We love the diversity of our lawyers at Carbon. There is no “Carbon” type, no mould to fit. We are a community of individuals and we all play to different strengths, respecting the unique skills that each our lawyers has, helping them to work towards their own vision of success, whatever that might be.
At Carbon, there’s a way for every lawyer to build a legal practice and flourish.
It was tricky to pin our litigation specialist Laura Manning down to have a chat. She is, by her own admission, someone who willingly shuns any kind of limelight to crack on with what she loves the most, which is her client work.
Happily the Carbon model has enabled her to do just this.
So read on, as Laura tells us about Carbon’s Bristol Hub, her stint in-house and balancing lawyering with parenting her three year old.
So Laura, what would you rather be doing than talking to me?
Honestly, I visibly cringe at any kind of publicity! Even having my photo on the website. I love fighting my client’s corner, working through contracts, doing legal research, chatting to my clients…but putting myself out there is something I struggle with. I am lawyer who just loves doing the legal work. I want to focus on delivery.
I always say if we were all out there shouting about what we do, it would be unbearable! Tell us about how the Carbon model works for you in this way.
The model has really worked for me as I am part of a collaborative hub of Carbon partners in Bristol, alongside Neville Caton and Steffani Asquith. Between us we manage a lot of work, playing to each other’s legal and business strengths. I like that you are not on your own with Carbon. You can partner up with others and grow together, working to your skills as lawyers and professionals.
Carbon is a virtual firm, but tell us more about how you have created the Bristol Hub.
We have a physical office for me, Stef, Nev and some others in Nev’s team and our Carbon trainee, who will do their seat with me in the New Year. It’s great to have the office. I love being able to work from home for the flexibility, but I like having a mix of energy and some boundaries. I enjoy going in and bouncing stuff off legal colleagues, asking if you can run things past them, or sense checking documents. Working with other lawyers around you puts you in a different headspace, so in that way the hybrid working really works for me. Bristol is obviously a thriving city and we do a lot of work for clients in the region, but we do work for nationwide clients as well.
Tell us a bit more about your legal practice.
My work area is general civil litigation, and insolvency, within which I carry out debt recovery and contractual reviews for small to medium sized businesses. I also work with commercial and residential landlords advising and assisting them with recovery of property, on a fixed fee basis. My work is varied which keeps life interesting..
With a volatile economic situation ahead once more, how do think this will affect work like insolvency and debt recovery?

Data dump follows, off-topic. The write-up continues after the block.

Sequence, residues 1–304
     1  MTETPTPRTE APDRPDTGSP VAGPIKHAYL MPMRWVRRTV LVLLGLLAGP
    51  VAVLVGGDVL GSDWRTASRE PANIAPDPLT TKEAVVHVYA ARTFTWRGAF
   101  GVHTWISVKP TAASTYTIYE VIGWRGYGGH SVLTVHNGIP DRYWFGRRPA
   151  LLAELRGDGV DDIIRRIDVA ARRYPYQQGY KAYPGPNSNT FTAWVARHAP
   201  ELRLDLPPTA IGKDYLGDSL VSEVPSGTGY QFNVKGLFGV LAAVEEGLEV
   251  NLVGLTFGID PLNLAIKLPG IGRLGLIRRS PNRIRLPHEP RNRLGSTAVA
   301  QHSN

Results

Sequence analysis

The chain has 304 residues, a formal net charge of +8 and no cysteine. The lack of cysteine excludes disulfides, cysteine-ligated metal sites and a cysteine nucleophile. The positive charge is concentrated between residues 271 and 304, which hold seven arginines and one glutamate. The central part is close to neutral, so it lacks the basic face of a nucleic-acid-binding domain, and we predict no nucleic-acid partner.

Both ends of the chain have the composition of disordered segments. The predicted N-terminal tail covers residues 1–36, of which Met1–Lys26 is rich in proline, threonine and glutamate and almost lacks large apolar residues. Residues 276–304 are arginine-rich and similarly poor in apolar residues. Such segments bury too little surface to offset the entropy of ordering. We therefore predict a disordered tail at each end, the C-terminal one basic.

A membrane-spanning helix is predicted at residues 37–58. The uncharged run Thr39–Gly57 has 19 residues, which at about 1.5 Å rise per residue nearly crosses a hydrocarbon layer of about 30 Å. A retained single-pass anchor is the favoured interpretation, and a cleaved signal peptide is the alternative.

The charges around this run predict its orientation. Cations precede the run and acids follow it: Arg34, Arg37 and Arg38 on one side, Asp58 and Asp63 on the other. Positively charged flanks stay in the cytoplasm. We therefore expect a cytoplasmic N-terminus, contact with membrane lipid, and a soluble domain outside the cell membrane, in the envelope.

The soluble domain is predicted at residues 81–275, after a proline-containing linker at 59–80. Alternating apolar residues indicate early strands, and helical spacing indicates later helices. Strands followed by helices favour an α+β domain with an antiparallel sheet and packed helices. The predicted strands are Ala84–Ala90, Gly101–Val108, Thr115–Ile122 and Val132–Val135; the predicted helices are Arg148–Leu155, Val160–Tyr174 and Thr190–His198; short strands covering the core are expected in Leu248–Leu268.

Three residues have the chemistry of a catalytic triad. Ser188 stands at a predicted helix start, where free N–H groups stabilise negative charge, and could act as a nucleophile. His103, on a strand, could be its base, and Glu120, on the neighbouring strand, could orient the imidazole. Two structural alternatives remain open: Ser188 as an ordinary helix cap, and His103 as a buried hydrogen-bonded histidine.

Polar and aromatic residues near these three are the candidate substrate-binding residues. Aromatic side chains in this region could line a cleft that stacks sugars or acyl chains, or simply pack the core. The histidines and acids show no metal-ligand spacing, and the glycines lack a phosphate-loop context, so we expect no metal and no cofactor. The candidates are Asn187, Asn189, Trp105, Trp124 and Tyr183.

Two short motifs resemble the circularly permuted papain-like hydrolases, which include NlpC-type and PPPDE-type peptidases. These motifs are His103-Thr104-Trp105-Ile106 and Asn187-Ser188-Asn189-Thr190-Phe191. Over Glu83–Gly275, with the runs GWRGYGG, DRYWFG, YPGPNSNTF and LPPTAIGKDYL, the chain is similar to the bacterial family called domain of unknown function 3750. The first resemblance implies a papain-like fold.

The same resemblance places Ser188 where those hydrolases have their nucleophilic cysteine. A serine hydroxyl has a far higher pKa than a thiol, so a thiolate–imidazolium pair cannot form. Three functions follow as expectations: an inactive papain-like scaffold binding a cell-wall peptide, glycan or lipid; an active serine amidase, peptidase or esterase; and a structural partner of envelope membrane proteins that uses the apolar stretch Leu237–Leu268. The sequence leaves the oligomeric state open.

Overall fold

I anticipate a lot more repossession work sadly, but I do also think measures will be brought in to protect people, as they were during lockdown. Displacing people from properties just creates another problem for social housing teams. It is a cycle. People need homes. A balance needs to be drawn between the rights of law abiding landlords and their tenants..
Tell us a bit about your time working in-house.
This was my first experience as a legal consultant, working via a flexible legal resourcing business within the legal team of a global financial services business. It was a totally different kettle of fish. Being an independent adviser when working in-house can be challenging. We know this in the wake of recent scandals. How do you represent the business whilst remaining truly impartial? It’s such a complex business world. And having that accountability is hard. Just learning the business language itself was a challenge. It was a great commercial experience which made me think a lot of about who we serve as lawyers.
What are you doing when you are not lawyering?
I have a three-year-old daughter who has just recovered from chickenpox – the working parent struggle is real! She keeps me busy and balanced. Fortunately, due to the flexibility of my work we get to spend lots of time together, certainly more so than when I was working 8.30-5.30 with a lengthy commute.
What would you have done if you had not become a lawyer?
This might sound boring, but from a REALLY young age I wanted to be a lawyer! Since I was about 8. I have no idea why, nobody in my family was a lawyer, I didn’t idolise any famous lawyers or TV characters or anything….I just decided law was the career for me and then pursued it relentlessly and never wavered from the dream, regardless of how mundane it turned out to be! No really, I love it most days…..
Thank you Laura, for taking the time to chat, even though I know you would have rather done anything else! It is always wonderful to find out about the human behind the lawyer and show that there are many different ways to become a legal consultant – including teaming up with someone and forming your own hub.
If you would like to contact Laura about the legal support she can provide you or your business, get in touch today.